Volume 8 ran through 2015. The volume contains 34 publications and 478 pages.
Volume 9 ran through 2016. The volume contains 24 publications and 375 pages.
Volume 10 ran through 2017. The volume contains 25 publications and 292 pages.
Volume 11 ran through 2018. The volume contains 21 publications and 358 pages.
Volume 12 ran through 2019. The volume contains 17 publications and 423 pages.
Volume 13 is expected to run through 2020.
- In the peer-creationist sense...
- Whew! A whole 50! That's like a mid-sized graduate program!
- The creative sciences. The Guardian, 18 January 2008.
- Geoff Brumfiel . "Creationists launch 'science' journal." Nature 451, 382-383 (2008). doi:10.1038/451382b
- News Bytes of the Week.
Scientific American, 1 February 2008.
Answers in Genesis, the group that last year shelled out $27 million to open the Creation Museum in Petersburg, Ky., is at it again. This time, the intelligently designed group has established its own journal for creationist scholars who want their work reviewed by fellow biblical literalists—without the scientific worldview sticking its monkey nose in.
- Jennifer Barone,
Creationists Fight Back with Laughable Faux-Science “Journal." Discover, 13 February 2008.
Now, it’s not exactly Earth-shattering news that a creation “science” “journal” has to do some serious cherry-picking to fill its pages. But personally, I’m pleasantly shocked to find that they’re so darn transparent about it. They’ve helpfully explained in a neatly-ordered list that they’re only interested in hearing news that confirms what they already believe. Of course this kind of tunnel vision exists, but you’d think they would do their best to cover it up in public. Instead, it’s all nicely laid out as editorial policy. Thanks, AiG!
- "Peer-Reviewing the Bible - Entry 5." Slate. 2008 February 13.
- Answers Research Journal Still Under Fire from Media. Answers in Genesis, 16 February 2008.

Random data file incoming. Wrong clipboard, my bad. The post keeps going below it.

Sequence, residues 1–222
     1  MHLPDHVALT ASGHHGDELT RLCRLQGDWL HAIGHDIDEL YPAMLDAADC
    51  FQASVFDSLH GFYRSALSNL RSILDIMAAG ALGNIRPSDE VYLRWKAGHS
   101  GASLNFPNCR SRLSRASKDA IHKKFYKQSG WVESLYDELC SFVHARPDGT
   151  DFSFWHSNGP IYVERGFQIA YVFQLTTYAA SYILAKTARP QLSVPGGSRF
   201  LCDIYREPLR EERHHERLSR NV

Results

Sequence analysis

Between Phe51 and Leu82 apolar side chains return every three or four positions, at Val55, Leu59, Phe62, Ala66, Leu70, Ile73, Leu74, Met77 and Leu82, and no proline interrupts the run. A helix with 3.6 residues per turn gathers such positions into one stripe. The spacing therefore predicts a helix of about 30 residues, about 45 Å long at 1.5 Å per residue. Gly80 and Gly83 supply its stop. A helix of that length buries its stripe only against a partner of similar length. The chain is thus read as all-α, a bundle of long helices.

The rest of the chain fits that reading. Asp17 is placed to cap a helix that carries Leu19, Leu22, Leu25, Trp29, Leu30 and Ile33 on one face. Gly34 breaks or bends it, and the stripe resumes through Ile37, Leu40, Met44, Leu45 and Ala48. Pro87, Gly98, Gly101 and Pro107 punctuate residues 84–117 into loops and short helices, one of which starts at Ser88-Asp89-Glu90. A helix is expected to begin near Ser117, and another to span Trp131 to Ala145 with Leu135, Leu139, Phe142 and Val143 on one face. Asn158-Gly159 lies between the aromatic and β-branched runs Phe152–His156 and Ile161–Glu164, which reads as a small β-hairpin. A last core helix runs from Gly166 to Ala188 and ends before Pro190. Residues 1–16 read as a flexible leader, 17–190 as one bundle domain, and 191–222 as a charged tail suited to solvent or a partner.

- Secular Response to a New Creationist Science Journal. Answers in Genesis, 26 January 2008.
After the launch of Answers Research Journal, our free, online resource for the timely dissemination of creationist research, blogs were again atwitter with ridicule, slander, and outright animosity. There is even talk of a competition for “fake” papers to be submitted to see how rigorous our peer-review process is...
- Articles mentioning Answers Research Journal at The Sensuous Curmudgeon.
- Unprofessional conduct at Answers Research Journal? Happy Jihad's House of Pancakes, 9 April 2009.
- Liebers Kate, Science for Christians. Journal of Young Investigators, 13 June 2008.
- Answers Research Journal, Instructions to Authors Manual.
- For more about Dr. Snelling, see this profile at No Answers In Genesis.
- About ARJ. answersingenesis.org.
- In Six Days, Why fifty scientists choose to believe in creation. christiananswers.net.
- Free Answers Research Journal. Answers in Genesis, 11 January 2008.
- Doubting Thomas. Happy Jihad's House of Pancakes, 17 September 2009.
- Andrew Snelling biography at Answers in Genesis.
- Caught in the Act! Answers in Genesis, 14 May 2008.
- Journal of Evolutionary Biology. Wiley Online Library.